When MushfiqurRahim slammed the penultimate ball of the tour opener for a match-winning six, the packed stands in Mirpur erupted as one. It was a spontaneous expression of joy from a crowd that hadn't seen their side winning a Twenty20 international since 2007. But the reaction also underlined the dangerous extremes inhabited by the Bangladesh cricket fan. While their team has struggled to shed the minnow tag - the occasional series wins against West Indies and New Zealand notwithstanding - the fans have tended to look at each victory as a new dawn, and every defeat as a national slight.
Mushfiqur's biggest challenge as he takes over the leadership will be finding ways to manage these unfair expectations. It was a challenge that caught up with Shakib Al Hasan during Bangladesh's roller-coaster World Cup campaign. One day he was joking with journalists, relieved after a hard-fought win against Ireland, only for the video to go viral and earn him brickbats after the crushing loss to West Indies. When Bangladesh somehow scrambled to victory against England in their next game, Shakib was in tears - the reaction of a man forced to live on the edge.
Mushfiqur would have seen Shakib's travails from close quarters, and will have to tread the tricky line now. Tuesday's win has already raised expectations, and a change in form will not be easily tolerated. Mushfiqur must be concerned since West Indies have the personnel to effect a turnaround. The exclusion of DevendraBishoo caught up with them on the spinner-friendly Mirpur surface, but they are unlikely to repeat the gaffe on the same pitch. The visitors will also be bolstered by the inclusion of Kieron Pollard, who has developed a reputation for minnow-bashing. The biggest worry for the visitors will be their middle order's dodginess against Bangladesh's platoon of left-arm spinners. The in-form Marlon Samuels will remain their point man, but can Darren Bravo and the rest play around him?
With Chris Gayle seemingly out of the picture, Adrian Barath will be expected to take over as the prime mover in the West Indies top order. Barath has the game to do well at the highest level - you don't hit Test hundreds on debut at the Gabba without having serious talent. West Indies' emphasis on youth gives him an extended opportunity at the top and he will want to capitalise when the ball is new.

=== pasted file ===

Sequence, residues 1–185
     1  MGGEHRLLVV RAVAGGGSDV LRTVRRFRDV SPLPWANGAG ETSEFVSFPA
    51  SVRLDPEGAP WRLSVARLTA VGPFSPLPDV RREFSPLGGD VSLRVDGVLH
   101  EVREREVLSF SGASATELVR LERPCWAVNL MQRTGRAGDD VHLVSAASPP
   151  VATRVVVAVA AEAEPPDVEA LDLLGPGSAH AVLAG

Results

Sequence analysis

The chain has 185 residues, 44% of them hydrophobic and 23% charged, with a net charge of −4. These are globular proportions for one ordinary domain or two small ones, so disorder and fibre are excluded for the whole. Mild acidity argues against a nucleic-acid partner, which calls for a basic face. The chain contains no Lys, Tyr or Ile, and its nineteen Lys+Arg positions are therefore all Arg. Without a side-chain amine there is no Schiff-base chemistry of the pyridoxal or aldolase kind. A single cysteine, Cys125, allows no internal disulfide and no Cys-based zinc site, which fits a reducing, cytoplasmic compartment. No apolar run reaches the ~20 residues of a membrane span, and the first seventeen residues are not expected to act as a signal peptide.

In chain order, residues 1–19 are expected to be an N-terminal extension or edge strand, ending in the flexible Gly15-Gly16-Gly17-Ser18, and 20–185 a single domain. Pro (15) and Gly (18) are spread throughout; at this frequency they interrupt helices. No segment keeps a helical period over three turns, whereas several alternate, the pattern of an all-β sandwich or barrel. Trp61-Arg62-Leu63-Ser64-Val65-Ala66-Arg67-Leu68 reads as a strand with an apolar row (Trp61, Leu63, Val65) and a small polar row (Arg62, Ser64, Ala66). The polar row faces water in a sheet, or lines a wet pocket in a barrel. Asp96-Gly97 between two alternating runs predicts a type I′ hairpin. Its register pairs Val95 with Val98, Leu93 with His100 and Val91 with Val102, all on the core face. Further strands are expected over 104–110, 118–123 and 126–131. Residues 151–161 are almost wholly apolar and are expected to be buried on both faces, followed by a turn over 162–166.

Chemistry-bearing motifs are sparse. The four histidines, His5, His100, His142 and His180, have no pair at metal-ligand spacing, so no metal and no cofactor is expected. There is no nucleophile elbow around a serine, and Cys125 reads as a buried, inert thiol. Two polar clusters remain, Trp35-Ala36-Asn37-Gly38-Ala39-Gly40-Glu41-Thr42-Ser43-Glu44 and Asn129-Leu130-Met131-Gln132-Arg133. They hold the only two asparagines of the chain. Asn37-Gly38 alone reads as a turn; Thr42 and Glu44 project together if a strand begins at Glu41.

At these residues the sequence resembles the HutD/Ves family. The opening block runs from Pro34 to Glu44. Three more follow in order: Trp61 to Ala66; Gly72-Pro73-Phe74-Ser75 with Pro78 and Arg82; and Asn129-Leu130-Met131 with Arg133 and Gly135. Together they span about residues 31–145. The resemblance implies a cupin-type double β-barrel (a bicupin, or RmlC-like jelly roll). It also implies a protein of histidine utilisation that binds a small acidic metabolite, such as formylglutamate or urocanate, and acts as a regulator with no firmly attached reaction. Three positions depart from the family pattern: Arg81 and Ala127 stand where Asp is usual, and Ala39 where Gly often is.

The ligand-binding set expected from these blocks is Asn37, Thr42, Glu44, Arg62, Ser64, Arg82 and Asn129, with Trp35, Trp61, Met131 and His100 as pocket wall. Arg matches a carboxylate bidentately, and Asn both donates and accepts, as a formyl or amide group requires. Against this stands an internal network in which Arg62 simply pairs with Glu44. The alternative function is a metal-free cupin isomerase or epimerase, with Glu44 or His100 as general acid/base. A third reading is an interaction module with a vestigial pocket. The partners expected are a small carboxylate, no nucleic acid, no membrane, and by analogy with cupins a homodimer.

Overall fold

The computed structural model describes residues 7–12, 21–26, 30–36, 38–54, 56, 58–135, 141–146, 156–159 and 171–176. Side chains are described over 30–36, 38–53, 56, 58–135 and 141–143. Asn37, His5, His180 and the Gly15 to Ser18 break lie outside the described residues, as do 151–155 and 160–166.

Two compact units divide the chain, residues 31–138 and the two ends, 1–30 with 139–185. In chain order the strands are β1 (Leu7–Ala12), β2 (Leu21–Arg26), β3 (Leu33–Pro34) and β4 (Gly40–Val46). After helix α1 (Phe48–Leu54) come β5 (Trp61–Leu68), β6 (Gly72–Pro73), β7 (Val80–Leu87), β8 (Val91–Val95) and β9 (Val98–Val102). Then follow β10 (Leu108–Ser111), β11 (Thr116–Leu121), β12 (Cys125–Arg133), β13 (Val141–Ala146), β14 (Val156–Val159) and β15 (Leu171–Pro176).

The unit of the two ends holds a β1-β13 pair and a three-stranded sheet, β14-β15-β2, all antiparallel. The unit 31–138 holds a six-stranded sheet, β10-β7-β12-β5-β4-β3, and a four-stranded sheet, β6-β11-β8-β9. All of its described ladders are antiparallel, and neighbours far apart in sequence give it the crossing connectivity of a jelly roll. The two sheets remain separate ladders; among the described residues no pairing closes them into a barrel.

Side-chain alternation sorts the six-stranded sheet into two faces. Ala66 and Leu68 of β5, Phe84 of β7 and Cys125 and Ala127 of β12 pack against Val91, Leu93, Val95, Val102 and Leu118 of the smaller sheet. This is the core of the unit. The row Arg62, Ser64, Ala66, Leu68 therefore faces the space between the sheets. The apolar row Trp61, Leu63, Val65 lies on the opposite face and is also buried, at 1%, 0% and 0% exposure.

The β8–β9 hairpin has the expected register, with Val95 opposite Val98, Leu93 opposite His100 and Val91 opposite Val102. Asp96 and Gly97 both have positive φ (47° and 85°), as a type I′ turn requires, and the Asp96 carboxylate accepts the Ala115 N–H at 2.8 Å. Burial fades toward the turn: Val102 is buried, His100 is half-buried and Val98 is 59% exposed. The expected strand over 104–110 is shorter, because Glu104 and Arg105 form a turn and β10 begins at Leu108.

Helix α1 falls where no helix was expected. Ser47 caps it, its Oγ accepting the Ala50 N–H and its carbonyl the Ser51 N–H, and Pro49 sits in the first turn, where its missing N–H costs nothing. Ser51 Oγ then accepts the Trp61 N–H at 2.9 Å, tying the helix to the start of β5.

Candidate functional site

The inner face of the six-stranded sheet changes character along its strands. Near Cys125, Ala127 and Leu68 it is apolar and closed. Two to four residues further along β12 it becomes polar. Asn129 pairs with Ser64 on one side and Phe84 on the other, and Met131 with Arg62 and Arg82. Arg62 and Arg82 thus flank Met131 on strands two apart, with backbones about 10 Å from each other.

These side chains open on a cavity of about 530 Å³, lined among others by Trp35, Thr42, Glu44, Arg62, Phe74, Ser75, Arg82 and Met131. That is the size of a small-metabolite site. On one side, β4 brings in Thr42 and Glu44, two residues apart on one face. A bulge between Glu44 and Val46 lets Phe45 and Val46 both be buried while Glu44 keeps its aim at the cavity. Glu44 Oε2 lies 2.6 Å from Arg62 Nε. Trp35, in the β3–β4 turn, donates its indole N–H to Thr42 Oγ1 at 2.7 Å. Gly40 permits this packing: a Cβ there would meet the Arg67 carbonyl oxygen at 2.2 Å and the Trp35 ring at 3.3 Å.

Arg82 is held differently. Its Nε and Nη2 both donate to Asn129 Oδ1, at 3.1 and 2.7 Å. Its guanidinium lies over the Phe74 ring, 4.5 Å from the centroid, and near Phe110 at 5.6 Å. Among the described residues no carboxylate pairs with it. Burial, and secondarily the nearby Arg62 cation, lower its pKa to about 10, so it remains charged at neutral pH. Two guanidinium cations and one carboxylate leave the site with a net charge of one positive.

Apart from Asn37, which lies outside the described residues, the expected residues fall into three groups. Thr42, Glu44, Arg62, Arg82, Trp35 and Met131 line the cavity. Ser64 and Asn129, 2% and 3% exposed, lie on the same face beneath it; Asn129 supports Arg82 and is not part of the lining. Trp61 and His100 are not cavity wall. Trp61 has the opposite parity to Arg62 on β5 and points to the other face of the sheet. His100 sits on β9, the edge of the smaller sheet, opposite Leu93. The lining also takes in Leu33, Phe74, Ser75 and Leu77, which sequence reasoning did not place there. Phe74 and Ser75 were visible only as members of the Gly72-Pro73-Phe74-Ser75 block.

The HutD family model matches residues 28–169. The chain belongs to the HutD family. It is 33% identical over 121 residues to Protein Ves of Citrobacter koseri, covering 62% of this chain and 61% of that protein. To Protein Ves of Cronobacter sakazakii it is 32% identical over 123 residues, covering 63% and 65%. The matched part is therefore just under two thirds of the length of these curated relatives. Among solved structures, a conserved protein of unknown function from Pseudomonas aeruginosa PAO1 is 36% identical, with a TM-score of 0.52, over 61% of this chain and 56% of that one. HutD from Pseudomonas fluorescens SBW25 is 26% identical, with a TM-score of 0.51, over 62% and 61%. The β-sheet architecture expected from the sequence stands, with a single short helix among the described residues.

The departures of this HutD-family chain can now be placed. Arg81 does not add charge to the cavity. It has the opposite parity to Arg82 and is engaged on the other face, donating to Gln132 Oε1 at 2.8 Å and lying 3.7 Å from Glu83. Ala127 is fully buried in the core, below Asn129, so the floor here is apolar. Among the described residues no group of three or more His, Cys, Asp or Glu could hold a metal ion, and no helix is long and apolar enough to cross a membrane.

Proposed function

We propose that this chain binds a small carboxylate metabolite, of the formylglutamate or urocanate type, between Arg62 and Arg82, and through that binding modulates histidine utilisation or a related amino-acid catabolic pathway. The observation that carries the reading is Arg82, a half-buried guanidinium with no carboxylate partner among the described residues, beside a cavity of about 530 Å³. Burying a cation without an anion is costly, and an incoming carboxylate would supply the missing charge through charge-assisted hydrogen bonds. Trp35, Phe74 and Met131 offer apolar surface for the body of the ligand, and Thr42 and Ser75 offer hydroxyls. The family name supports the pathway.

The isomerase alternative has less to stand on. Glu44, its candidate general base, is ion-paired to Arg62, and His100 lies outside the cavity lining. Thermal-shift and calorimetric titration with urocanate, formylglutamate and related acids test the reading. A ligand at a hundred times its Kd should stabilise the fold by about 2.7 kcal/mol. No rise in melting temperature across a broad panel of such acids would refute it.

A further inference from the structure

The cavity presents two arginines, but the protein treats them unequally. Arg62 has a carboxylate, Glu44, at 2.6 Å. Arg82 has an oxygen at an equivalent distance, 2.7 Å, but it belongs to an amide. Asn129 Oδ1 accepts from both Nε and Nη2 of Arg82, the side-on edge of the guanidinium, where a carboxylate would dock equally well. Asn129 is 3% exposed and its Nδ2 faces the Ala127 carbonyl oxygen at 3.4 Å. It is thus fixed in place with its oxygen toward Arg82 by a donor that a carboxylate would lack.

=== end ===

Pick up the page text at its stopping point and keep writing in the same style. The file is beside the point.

"Honest trier." "Never-say-die attitude." "Can't be faulted for effort." Darren Sammy's supporters tend to deal in intangibles when they explain his value to the side. If emotions are cast aside, Sammy comes across as a limited, but effective, back-up seamer, while his batting is of the hit-or-miss variety. Questions remain over whether he justifies a spot in the side, potentially at the expense of the pacyKemar Roach. Sammy will want to lay those questions to rest in this series.
Pollard should come in for Danza Hyatt in the West Indies middle order, while Bishoo could slot in for Carlos Brathwaite. Given the frailty of the batting line-up against spin, Kieran Powell might feature in team discussions as well.
West Indies (probable): 1 Adrian Barath, 2 Lendl Simmons, 3 Darren Bravo, 4 Marlon Samuels, 5 Kieron Pollard, 6 DeneshRamdin (wk), 7 Andre Russell, 8 Darren Sammy (capt), 9 Ravi Rampaul, 10 DevendraBishoo, 11 Anthony Martin / Kemar Roach
Bangladesh are unlikely to alter their combination, though ShuvagotoHom could push AlokKapali out of the XI. Mahmudullah's continued absence should give NasirHossain another chance to come good.
Bangladesh (probable): 1 TamimIqbal, 2 ImrulKayes, 3 Shakib Al Hasan, 4 Mohammad Ashraful, 5 AlokKapali, 6 MushfiqurRahim (capt & wk), 7 Naeem Islam, 8 NasirHossain, 9 AbdurRazzak, 10 Shafiul Islam, 11 RubelHossain
Stats & Trivia
Bangladesh have beaten West Indies only three times in 17 attempts, all during their 2009 tour of the Caribbean, against a third-string side.
Tuesday's T20I win was Bangladesh's first at home against West Indies, across all formats